If you’ve fallen and hurt yourself, or if your balance isn’t as solid as it used to be, you may be afraid to do some of the activities you used to enjoy. But you don’t have to let poor balance or a lack of confidence in your footing control your life. You can take steps to reduce your odds of a dangerous fall.
One option to consider is fall prevention therapy. With it, a physical therapist assesses your balance and prescribes a strengthening and balance program designed just for you.
Julie Barnett, a physical therapist with Banner Physical Therapy in Chandler, AZ, explains that fall prevention therapy incorporates:
- Evaluation of your risk factors for falling
- Learning how to move safely
- Setting up your home to reduce your risk of falls
- Designing and following an individualized exercise program to make falls less likely
Who could benefit from fall prevention therapy?
“Anyone who has challenges with balance or mobility would benefit from fall prevention therapy,” Barnett said. You might be a candidate if you have or have had:
- Orthopedic injuries
- Multiple sclerosis
- Problems with your balance
- Low vision
- Cognitive difficulties
- Loss of sensation in your feet
- Generalized weakness
Fall prevention therapy may also be recommended if you take more than four medications or if you have fallen or almost fallen in the last six months.
“A lot of people feel it is normal to have poor balance as they age or believe they can’t improve their balance after a certain age. This is not true. We can improve strength and balance at any age,” Barnett said.
What happens in fall prevention therapy?
When you start fall prevention therapy, a physical therapist will perform an evaluation. That might include:
- Testing the muscle strength in your ankles, knees and hips
- Testing your balance on level and unlevel surfaces with your eyes open and closed
- Assessing your gait
- Testing your vestibular system, which controls your balance
- Evaluating your activity level and discussing any activities you would like to return to
- Answering questions about your medical history, medications, previous falls, home environment and assistive devices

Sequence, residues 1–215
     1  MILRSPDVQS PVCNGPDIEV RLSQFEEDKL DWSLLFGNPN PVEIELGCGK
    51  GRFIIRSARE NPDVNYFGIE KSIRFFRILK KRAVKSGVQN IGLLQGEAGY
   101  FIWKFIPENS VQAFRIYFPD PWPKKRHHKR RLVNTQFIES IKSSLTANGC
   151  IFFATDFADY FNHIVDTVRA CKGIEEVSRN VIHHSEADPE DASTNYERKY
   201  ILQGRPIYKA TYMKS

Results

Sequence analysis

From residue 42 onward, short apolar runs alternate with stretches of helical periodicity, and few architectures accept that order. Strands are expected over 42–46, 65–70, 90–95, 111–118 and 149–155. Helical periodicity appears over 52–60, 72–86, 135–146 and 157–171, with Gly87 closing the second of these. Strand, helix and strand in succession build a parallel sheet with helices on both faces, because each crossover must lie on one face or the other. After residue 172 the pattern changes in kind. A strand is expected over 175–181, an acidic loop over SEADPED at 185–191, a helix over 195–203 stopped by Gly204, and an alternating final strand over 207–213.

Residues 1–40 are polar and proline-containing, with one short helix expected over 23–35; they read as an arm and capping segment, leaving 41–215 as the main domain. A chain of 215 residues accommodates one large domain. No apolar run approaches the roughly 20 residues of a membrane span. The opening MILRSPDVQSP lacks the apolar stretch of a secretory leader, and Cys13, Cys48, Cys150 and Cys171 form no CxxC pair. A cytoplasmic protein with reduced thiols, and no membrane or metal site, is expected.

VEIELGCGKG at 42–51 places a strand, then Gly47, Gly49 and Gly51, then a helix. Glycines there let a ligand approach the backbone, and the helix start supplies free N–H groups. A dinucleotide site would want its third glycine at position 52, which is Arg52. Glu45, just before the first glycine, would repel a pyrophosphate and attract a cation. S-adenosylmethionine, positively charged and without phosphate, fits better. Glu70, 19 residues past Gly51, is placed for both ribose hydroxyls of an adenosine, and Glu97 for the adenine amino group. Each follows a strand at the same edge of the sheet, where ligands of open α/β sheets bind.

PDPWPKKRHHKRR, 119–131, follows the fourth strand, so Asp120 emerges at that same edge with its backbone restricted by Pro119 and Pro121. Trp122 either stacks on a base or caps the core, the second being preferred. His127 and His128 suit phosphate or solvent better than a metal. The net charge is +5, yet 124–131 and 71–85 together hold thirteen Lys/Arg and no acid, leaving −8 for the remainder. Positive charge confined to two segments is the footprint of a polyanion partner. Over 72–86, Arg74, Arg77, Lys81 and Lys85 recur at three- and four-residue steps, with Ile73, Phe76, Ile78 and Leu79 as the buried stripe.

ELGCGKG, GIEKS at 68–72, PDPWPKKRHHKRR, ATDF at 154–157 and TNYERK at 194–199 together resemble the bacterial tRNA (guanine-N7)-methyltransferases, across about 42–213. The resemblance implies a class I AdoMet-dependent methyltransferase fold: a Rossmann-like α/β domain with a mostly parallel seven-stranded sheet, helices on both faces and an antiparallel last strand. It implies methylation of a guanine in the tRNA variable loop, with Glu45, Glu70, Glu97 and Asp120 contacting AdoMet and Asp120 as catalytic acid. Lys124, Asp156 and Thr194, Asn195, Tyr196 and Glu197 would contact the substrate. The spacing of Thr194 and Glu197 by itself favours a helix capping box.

With this information, your physical therapist will develop a personalized program that includes sessions in the clinic and exercises you can perform at home. Building your strength and balance can also help improve your confidence.
“If you have fallen or almost fallen, that could affect your confidence in your balance. Research has shown that improved confidence in your balance also improves your balance. Fall prevention therapy can help you regain your confidence so you can return to the things you love to do,” Barnett said.
What else can you do to reduce your risk of falls?
Setting up your home so you are less likely to fall is crucial. Barnett recommends that you:
- Add nightlights in hallways and bathrooms.
- Remove irregular items that are in your path, such as small pieces of furniture, magazine racks, rugs and plant stands to avoid tripping.
- Regularly check for unstable furniture.
- Place emergency numbers close to your phone.
And have someone help you:
- Remove clutter from walkways.
- Secure or remove loose rugs.
- Paint the ends of steps to improve visibility.
- Remove or rearrange furniture to create more open space.
- Add and use assistive devices like grab bars around the toilet and in the shower, tread in the bathtub to avoid slipping and handrails on stairways. Canes and walkers can be helpful for walking and balance.
- Schedule regular exams with your primary care physician, as well as specialists such as an ophthalmologist. In addition to balance, vision, hearing, pain and many other age-related conditions can contribute to falling. Address your concerns with your doctor and ask about other potential solutions such as an assessment by a specialist or medication.
- When standing, rise up slowly.
- Wear sturdy, flat shoes that fit properly and securely.
- Exercise daily, Balance and strengthening exercises, such as yoga and tai chi, are important to your overall bone and muscle health.
- Consider vitamins, supplements and medications. Talk to your health care provider about ways to help avoid or treat osteoporosis, such as starting a vitamin D and calcium supplement regimen. By strengthening your bones, you'll reduce your risk of a fracture if you do fall. Also, be aware that many medications can cause dizziness. Keep a current list of all your medications and share this with your primary care physician.
The bottom line
Fear of falling can make you afraid to do activities you used to enjoy. But you can take steps to stay safe and fall prevention therapy could help. To connect with a fall prevention expert, reach out to Banner Health.
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Content in this article was updated on January 18, 2023